Life is uncertain.
If we didn’t know that six months ago, most of us now are certain about that uncertainty.
We live more by probability than certainty. We’ll probably wake up tomorrow morning. We’ll probably still have our job. Our children probably will be healthy. But we know that probabilities can—and do—fail, so we’re left feeling uncertain.
And that uncertainty makes life messy. Unexpected things go wrong. Our careful plans fall apart. Bad things happen to good people. We want guarantees, but what we get is uncertainty.
All too often we have trouble dealing constructively with that uncertainty. We try to avoid its harsh reality by what one writer describes as “negative coping strategies,” such as:
But what else can we do? How might we approach uncertainty as we attempt to redefine our reality?
Perhaps we can begin by taking an honest look at what’s causing the fear or anxiety that contributes to our uncertainty. In some cases, our fear acts as a valid warning system that alerts us to a danger or risk we really should avoid.
Our fear or anxiety, however, often has little to do with anything that’s rational or realistic. We meet new people, and we worry they won’t like us. We’re offered a new opportunity, and we become overly anxious that we’ll fail. We feel an ache in our body, and we conclude that we must have cancer.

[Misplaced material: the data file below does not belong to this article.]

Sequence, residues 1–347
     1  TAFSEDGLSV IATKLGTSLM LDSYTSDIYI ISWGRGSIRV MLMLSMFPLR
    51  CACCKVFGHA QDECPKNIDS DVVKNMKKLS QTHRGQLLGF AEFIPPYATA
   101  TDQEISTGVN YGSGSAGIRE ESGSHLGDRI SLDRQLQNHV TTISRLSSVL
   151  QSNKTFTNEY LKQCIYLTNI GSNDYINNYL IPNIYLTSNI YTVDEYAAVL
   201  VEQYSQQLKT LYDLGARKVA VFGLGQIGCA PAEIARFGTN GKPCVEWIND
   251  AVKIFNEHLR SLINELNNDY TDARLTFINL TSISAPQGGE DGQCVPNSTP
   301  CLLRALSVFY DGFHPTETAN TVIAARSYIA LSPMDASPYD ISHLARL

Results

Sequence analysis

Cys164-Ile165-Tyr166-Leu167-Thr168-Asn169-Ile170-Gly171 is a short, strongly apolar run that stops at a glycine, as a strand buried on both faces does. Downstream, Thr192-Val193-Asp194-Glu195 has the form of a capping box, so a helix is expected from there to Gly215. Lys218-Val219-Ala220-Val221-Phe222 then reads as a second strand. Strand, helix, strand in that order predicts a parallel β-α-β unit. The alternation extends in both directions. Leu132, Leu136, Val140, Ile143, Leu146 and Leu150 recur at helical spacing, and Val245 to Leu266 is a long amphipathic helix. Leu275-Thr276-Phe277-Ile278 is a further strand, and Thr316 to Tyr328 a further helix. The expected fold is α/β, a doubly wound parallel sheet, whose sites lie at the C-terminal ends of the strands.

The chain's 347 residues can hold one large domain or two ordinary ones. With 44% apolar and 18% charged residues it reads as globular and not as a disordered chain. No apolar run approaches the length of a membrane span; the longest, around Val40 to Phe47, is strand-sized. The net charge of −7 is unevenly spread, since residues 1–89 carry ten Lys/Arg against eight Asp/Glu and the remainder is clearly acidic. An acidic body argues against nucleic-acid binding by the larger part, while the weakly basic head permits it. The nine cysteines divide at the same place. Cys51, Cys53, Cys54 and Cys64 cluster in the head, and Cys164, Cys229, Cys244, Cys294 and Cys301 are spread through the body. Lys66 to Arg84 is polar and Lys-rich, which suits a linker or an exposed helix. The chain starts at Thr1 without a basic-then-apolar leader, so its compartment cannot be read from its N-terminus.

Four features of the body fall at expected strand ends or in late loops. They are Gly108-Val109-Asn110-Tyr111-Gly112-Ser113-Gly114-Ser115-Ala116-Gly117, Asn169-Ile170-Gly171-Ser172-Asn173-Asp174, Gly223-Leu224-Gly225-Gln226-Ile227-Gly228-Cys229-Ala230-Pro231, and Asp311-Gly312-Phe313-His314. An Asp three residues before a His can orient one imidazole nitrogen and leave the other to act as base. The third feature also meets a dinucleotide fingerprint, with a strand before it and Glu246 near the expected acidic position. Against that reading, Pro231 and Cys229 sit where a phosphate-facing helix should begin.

In the great uncertainty of life, it’s possible that someone may not like us, that we might fail, that we could get cancer. But allowing life’s uncertainty to paralyze us doesn’t help us or anyone else.
Rather than giving into such paralysis, maybe we can allow fear or anxiety to point to places of potential growth. According to one psychiatrist, the areas in our personality marked by anxiety often become the areas of most significant growth when we’re able to deal with our underlying anxiety constructively.
Our fear and anxiety can be an opportunity to grow. Instead of saying, “I shouldn’t feel this; it makes me a bad person,” we can say, “Here’s where my fear or anxiety is inviting me to grow.”
When we meet someone, we can feel our anxiety but still risk initiating a conversation. When we’re offered an opportunity, we can feel our fear but still take the risk of trying something new. At the doctor’s office, we can feel our anxiety but still seek a diagnosis and treatment.
Facing uncertainty in this way takes an open heart and open mind. It also invites us to practice our faith in an open way and to think of faith as one writer describes it:
Faith is not the absence of anxiety. Faith is not a desperate attempt to control life
and end all uncertainty. Faith is not having a “stiff upper lip” while we forge
ahead in life, trampling on other people’s feelings and our own, as well. Faith is
not a rigid belief system to hide behind or judge others with. Faith is the inner
knowing that no matter what happens in life, we are loved and can grow into a
fuller human being. Faith is the inner knowing that no matter what happens, we
can always reach out to help another human being. Faith is the inner knowing
that no matter what happens, there is a Power greater than human here to guide
us and comfort us. There is a larger spiritual context in which we place our little
Associate Executive Minister